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FANTASTIC FOUR #164 (Nov 1975) Marvel Comics

cover:  Jack Kirby
FANTASTIC FOUR #164
Date: Nov 1975
Cover Price:  $0.25
Publisher: marvel.com

Description

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    Credits
    "The Crusader Syndrome!" (17 pages) 
    writer:  Roy Thomas
    art:  George Perez 
    Joe Sinnott
    colors:  N/A
    letters:  N/A
    editor:  N/A
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    This Week in Marvel History: August 23-August 29

    posted Aug 26, 2019, 7:22 PM by Vu Nguyen

    From marvel.com


    FANTASTIC FOUR #164 (Nov 1975)
    Marvel Comics
    August 26

    1975: FANTASTIC FOUR #164 by Roy Thomas and George Perez—with a cover by Jack Kirby—featured the first appearance of the Crusader! You know, the guy who looks like Marvel Boy Bob Grayson! The issue also includes Frankie Raye’s first appearance, a “normal” gal Johnny Storm who’s meeting for a date. It’s not revealed until October 1981 that she also had flame powers and her stepfather is Doctor Phineas Horton—the scientist who created the original android Human Torch! It’s a real messed up weird story for her, but most importantly in her history, she’d become Nova, a Herald of Galactus, in FANTASTIC FOUR #244!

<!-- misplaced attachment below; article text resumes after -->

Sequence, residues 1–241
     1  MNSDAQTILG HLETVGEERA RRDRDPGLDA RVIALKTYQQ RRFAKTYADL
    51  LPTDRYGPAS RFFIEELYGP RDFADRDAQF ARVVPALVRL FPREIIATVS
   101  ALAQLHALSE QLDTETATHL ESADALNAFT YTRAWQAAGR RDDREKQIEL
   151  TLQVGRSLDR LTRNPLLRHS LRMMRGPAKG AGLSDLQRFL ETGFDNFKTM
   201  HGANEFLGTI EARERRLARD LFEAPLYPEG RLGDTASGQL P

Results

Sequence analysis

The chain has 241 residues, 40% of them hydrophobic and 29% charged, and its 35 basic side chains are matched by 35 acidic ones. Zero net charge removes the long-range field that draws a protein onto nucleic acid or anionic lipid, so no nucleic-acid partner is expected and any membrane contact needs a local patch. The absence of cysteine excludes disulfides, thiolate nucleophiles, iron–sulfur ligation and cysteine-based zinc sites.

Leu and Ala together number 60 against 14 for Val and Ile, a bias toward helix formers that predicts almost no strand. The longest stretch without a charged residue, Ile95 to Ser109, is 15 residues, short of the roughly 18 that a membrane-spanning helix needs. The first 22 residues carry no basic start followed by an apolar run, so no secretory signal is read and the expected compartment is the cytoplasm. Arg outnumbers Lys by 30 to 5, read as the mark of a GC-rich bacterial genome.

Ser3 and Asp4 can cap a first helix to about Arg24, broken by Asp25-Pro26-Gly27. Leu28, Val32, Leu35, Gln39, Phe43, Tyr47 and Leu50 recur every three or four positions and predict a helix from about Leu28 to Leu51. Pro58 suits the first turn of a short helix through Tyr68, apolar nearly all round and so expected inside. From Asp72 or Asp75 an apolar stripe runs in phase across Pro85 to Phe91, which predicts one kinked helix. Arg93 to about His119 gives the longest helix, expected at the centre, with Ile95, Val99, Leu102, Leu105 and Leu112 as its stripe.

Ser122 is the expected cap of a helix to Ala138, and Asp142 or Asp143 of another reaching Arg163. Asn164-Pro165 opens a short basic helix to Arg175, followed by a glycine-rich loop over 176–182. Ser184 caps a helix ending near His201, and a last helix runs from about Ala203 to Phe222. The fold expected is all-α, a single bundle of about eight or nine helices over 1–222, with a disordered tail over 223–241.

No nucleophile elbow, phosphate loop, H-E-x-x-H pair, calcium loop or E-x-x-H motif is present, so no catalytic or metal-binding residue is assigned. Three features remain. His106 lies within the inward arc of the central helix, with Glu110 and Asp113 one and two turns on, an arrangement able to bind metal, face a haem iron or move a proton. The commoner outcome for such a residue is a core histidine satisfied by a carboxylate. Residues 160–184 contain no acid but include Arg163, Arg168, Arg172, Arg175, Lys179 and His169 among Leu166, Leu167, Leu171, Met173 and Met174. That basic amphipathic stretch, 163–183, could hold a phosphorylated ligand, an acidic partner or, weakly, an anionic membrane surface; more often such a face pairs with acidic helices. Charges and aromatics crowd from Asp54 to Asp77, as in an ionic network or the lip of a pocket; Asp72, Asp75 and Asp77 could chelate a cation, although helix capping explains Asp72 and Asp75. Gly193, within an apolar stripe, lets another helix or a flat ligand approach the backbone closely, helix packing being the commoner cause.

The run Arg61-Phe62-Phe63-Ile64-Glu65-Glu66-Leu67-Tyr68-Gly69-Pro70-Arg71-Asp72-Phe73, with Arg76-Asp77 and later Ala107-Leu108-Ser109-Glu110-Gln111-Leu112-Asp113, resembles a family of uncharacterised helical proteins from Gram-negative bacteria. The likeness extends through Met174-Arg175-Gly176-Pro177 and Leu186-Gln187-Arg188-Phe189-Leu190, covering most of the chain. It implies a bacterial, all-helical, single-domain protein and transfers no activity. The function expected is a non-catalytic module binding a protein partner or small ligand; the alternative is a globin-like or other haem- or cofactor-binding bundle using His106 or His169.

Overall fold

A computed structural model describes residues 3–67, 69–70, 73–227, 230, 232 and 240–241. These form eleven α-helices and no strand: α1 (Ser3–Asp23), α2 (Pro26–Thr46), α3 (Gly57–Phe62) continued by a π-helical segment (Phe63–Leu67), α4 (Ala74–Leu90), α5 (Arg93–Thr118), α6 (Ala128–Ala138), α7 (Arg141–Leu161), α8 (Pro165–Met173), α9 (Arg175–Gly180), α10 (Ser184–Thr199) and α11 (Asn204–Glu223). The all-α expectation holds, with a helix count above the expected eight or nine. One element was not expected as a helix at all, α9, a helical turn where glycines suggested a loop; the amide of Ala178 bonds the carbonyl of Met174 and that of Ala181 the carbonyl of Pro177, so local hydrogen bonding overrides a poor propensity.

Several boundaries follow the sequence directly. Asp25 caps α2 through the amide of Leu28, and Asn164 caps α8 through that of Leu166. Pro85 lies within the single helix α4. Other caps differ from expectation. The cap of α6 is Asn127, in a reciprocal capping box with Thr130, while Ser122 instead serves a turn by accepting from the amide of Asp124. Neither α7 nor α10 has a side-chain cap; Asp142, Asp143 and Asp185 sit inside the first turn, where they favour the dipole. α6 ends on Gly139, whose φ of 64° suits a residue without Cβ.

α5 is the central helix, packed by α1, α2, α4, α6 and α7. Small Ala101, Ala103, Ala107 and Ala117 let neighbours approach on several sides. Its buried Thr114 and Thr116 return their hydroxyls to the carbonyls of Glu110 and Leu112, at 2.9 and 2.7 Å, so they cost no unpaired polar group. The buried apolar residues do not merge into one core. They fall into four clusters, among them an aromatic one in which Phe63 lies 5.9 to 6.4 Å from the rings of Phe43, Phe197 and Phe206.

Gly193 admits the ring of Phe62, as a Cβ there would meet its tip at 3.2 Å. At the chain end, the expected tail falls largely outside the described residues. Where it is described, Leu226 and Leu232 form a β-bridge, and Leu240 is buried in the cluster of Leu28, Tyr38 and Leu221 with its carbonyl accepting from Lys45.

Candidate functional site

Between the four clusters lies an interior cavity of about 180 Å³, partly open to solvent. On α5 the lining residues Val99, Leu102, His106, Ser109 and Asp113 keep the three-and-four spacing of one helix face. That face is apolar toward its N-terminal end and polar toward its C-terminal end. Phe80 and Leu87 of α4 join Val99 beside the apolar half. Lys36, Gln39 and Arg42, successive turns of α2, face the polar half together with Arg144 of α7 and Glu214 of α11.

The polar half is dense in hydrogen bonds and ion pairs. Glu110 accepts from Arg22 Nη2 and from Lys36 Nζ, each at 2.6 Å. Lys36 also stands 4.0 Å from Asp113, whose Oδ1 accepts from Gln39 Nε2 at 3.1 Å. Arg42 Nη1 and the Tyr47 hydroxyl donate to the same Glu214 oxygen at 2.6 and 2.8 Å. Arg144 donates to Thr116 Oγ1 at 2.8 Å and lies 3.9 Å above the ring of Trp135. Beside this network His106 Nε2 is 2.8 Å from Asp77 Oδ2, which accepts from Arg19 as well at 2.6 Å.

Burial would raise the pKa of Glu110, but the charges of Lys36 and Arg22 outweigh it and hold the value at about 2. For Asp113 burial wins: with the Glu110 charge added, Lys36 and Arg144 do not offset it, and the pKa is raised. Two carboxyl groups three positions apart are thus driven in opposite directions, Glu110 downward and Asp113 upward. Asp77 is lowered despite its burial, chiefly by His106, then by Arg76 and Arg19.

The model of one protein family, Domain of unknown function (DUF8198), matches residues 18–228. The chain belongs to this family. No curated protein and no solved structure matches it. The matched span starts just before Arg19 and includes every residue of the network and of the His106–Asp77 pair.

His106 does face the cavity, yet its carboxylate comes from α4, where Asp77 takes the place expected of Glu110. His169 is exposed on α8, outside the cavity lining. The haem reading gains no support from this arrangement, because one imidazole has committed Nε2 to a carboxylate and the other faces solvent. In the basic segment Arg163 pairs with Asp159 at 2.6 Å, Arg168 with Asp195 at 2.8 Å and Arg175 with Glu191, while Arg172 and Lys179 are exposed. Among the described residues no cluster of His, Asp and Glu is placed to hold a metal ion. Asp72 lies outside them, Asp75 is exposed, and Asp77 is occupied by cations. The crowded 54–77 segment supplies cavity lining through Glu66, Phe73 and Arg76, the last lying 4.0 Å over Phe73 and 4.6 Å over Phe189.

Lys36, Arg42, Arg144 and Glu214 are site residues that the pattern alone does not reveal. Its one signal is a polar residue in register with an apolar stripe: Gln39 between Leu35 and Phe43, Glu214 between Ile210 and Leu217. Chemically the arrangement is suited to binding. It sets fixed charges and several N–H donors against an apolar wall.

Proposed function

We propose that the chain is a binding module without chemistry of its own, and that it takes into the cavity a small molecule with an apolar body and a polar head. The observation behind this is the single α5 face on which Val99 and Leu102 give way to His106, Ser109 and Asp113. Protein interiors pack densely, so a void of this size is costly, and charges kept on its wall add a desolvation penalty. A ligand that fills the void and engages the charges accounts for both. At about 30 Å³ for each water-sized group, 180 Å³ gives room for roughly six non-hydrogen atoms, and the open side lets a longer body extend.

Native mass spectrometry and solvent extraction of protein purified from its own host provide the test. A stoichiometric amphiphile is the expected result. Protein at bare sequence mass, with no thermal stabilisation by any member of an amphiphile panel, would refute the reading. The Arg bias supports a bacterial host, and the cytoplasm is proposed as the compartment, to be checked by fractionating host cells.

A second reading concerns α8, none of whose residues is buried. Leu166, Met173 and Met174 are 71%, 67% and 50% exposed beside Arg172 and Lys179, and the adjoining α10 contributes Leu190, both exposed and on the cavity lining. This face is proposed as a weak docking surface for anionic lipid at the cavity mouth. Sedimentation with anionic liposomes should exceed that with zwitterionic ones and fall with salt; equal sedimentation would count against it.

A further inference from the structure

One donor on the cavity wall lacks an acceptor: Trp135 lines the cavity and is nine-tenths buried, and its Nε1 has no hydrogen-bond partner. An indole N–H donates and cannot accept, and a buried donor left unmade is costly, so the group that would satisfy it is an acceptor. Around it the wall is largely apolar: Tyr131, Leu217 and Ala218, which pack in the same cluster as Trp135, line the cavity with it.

13th Dimension: George Perez on Fantastic Four and friendship with Stan Lee
    posted Jun 16, 2019, 10:42 AM 



    FANTASTIC FOUR #164 (Nov 1975)
    Marvel Comics

    FANTASTIC FOUR #165 (Dec 1976)
    Marvel Comics
    Dan Greenfield: When we put this (countdown) out there, a lot of readers were saying, “Well, how could this be so low?” And the point is, that’s how much great material was still to come. But #12 was The Fantastic Four

    George Perez: Since I grew up, obviously with all the Jack Kirby, Steve Ditko, Dick Ayers, all those great artists, so getting a chance to draw Fantastic Four was pure luck.